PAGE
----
Artisan Spirit: Fall 2021

Page 89

R E C I P E F O R M U L AT I O N Understanding how to read a malt spec sheet is important, but how do you take this information and make it useful in your recipe building? More specifically, we want to know how much grain we need to mash in order to reach a desired wort volume with a target specific gravity. Now, if you’re like the majority of distillers/brewers out there, you don’t bother looking at malt and grain specs. Your recipes are locked in stone, and nothing is ever going to change in that department. But let’s say that you are a single malt producer, and you decide to change barley type. Perhaps you decide to switch from Briess’ 2-Row Brewer’s Malt to a Whiskey Malt. The Whiskey Malt has roughly 3 percent more extract than the Brewer’s Malt, which means your starting gravities will likely go up. This in turn changes your fermentation profile. Another way to look at it is that you won’t need to use the same amount of grain to achieve your desired fermentation profile, a financial bonus that your company’s bottom line will surely appreciate. And this is just one example among dozens of situations that can arise when purchasing grain for a distillery. In short: Pay attention to the malt specs. In order to build a proper mash bill, we need to know a few things. First, we need to know which grain(s) we are going to use. And if we have multiple grain types, we need to know their proportions. A discussion on mash bill design is really outside our scope here. Besides, many people already have some basic numbers in their heads that they think will work. The choice on grain proportion is more often more of an artistic, stylistic, regulatory, and/or marketing-related choice. But even if you have those proportions figured out, you still need to know how much TOTAL grain you need to use. So, what else do we need to know? Well, we should have an idea of what our target gravity is for the wash. Starting sugar concentration will have a significant impact on how our yeast performs and the flavors it produces. For single malt folks, the starting gravity is usually around 1.055-1.065 (13.6 – 15.9 °Brix). American whiskey mashes often click a bit higher at 1.065-1.075 (15.9 – 18.2 °Brix). We also need to know what volume of mash/wort we want to produce. This is usually dictated by fermenter/still size so that one is quick to answer. Ideally, we also want to have an idea of our mash efficiency. Mash efficiency is just a metric describing the percentage of total grain fermentables we are able to extract into our wort with our mash equipment. No mashing system will give you 100 percent efficiency (though facilities with mash filters will often come close). For traditional mash/lauter tun systems found in most single malt facilities, efficiencies range from 85-90 percent (some creep a bit higher than W W W . ARTISANSPIRITMAG . C O M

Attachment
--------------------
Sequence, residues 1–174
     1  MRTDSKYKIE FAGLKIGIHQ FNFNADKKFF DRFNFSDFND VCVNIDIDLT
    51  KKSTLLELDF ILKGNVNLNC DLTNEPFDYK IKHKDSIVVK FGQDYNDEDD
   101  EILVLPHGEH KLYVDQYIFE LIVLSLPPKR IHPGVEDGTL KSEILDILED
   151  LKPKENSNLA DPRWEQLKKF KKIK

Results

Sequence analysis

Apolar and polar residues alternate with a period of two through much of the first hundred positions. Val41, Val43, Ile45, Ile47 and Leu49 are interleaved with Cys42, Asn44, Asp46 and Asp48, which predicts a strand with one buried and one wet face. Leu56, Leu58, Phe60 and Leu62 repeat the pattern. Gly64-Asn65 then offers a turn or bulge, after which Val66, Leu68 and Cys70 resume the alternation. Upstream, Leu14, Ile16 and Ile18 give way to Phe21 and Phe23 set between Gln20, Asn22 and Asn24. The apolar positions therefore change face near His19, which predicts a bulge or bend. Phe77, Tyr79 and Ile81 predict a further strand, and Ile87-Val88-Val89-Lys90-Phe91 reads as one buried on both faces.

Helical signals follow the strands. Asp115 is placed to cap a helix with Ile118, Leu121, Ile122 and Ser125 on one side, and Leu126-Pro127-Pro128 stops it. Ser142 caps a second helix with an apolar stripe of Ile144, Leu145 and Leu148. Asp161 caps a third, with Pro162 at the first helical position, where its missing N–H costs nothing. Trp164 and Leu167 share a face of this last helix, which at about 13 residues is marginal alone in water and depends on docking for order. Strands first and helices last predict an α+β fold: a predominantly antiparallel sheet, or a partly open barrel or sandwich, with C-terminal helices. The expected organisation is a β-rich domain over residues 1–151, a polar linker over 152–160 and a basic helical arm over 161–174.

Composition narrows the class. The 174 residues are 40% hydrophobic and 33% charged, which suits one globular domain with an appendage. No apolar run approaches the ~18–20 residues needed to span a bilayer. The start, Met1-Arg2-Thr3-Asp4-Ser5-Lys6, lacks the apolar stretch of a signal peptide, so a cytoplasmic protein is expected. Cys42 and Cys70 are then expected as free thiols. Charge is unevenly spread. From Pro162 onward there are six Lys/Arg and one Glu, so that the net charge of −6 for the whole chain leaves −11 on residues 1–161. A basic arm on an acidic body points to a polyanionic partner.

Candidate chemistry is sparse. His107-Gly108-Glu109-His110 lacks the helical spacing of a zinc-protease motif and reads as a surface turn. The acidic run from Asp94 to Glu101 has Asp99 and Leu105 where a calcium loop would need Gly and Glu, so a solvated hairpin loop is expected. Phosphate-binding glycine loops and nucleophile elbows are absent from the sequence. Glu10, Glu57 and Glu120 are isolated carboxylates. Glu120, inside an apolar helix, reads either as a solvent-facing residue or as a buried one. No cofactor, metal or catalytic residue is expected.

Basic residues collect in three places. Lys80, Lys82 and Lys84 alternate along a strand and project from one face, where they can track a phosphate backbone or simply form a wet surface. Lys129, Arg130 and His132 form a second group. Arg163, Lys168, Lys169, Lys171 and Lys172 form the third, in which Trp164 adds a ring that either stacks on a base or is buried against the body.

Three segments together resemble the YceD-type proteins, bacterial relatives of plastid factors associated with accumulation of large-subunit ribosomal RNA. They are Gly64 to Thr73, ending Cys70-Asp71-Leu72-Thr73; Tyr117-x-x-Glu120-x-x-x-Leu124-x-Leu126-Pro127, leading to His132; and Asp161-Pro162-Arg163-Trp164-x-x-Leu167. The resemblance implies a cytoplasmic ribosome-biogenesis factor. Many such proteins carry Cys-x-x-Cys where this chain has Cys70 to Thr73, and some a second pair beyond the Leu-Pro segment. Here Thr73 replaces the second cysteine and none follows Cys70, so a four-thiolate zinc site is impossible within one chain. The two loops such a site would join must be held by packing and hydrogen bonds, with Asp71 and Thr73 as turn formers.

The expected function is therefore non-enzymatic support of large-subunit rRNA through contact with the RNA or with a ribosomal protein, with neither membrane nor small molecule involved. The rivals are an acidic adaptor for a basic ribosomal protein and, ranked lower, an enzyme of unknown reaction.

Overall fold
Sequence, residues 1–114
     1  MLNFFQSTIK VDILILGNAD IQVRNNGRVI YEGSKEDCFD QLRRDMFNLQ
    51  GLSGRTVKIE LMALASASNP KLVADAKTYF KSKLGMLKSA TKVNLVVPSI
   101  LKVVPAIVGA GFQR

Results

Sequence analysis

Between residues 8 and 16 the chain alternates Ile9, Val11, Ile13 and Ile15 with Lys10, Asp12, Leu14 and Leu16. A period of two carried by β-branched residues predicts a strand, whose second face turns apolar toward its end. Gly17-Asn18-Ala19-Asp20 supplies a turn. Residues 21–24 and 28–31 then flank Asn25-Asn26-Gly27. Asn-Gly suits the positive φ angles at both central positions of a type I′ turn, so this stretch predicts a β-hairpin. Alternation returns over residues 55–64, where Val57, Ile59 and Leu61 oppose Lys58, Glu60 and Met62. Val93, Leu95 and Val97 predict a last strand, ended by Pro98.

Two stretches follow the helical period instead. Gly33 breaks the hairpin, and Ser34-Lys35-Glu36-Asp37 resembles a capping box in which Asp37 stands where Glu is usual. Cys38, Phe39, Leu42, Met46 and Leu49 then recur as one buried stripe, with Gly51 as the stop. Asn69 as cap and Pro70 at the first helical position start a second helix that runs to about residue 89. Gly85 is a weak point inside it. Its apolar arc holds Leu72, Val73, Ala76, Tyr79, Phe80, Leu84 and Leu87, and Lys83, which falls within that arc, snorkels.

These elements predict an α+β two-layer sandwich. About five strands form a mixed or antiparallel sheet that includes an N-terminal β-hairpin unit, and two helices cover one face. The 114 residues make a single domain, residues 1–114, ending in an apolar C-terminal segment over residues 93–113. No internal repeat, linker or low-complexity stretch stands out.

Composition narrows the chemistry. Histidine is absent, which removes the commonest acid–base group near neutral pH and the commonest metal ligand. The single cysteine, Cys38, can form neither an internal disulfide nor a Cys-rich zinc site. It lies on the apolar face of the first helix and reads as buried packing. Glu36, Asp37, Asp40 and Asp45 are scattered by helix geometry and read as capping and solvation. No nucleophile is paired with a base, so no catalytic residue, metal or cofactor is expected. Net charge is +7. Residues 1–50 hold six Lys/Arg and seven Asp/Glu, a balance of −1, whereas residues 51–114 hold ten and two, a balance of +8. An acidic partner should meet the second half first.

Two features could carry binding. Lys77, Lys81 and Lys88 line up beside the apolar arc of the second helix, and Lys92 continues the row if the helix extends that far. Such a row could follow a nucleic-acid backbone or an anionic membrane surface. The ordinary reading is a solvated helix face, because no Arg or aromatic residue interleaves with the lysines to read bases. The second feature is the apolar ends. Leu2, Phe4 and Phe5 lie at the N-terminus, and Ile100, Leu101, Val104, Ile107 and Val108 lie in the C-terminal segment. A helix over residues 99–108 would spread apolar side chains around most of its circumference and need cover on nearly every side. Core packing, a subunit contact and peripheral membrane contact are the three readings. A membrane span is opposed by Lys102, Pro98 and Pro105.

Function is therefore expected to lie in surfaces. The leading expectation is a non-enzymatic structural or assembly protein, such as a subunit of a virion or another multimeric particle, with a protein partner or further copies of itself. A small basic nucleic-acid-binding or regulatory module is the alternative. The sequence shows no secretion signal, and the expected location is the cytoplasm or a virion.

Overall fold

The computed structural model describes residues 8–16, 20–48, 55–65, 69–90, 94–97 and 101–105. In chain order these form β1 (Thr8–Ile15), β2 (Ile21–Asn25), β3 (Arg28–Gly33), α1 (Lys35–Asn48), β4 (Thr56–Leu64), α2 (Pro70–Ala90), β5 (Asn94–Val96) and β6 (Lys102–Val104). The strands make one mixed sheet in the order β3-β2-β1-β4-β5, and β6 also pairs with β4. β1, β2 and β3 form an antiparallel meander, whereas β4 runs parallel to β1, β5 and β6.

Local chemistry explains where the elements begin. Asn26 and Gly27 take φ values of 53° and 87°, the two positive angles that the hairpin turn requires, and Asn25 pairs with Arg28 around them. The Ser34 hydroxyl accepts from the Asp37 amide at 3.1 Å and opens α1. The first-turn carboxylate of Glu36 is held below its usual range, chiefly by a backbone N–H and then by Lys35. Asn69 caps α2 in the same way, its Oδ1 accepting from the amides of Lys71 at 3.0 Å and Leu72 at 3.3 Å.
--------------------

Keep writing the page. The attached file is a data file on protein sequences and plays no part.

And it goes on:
this). In American whiskey where the fermentation is “ongrain” the efficiency is a bit higher, often around 90-95 percent. The problem is that if you’re just starting out, you won’t know what your mash efficiency is. It takes a few months of production to really get that number dialed in for most people. If you’re unsure, I suggest starting with the conservative side of the above ranges for the type of operation you have. This will get you started and you can continue to tweak things as you get used to production on your system. Finally, we need to know a few parameters from our grain spec sheets. The main informational tidbits that are important to us are the extract values, either coarse or fine grind depending on our milling technique, and possibly the moisture content if the extract value is reported on a dry weight basis. To find the amount of grain for a given mash bill, the equation is: Gravity Points x Recipe Volume = Total lbs of Grain Total Extract x 46.31 Let’s break this down. Gravity points are simply the “excess gravity” of the desired specific gravity reading. If you have a specific gravity of 1.070, you have what is sometimes referred to as 70 points excess gravity since it is 1.07 times denser than water. The constant of 46.31 is simply that: A numerical constant. Use this number if you prefer working in English units of gallons and pounds. If you are a metric user (congratulations for joining the rest of the world!), then you will want to substitute in 386.5 instead. Total extract is a little more complicated, but only if you’re using a mix of grains. If you are using a single grain like in single malt whiskey, then it is simply the extract value of whichever milling type your operation is closest to on an “AS IS” basis multiplied by your mash efficiency. So, for our above example using Briess’ 2-Row Brewer’s Malt, we know the “as is” extract for a coarse grind is 76.6 percent. If we’re doing single malt and assume that our mash efficiency is going to be on the low side (because we’re just starting out) at around 85 percent, then we can find the Total Extract by multiplying those two values together in percentage form. 0.766 x 0.85=0.6511 This means that our Total Extract for our proposed system using that particular barley is 65.1 percent of the grain weight. But what if we have a bourbon mash with multiple grains? Things get more complicated, but not too much. The process is similar to what we’ve done thus far. 89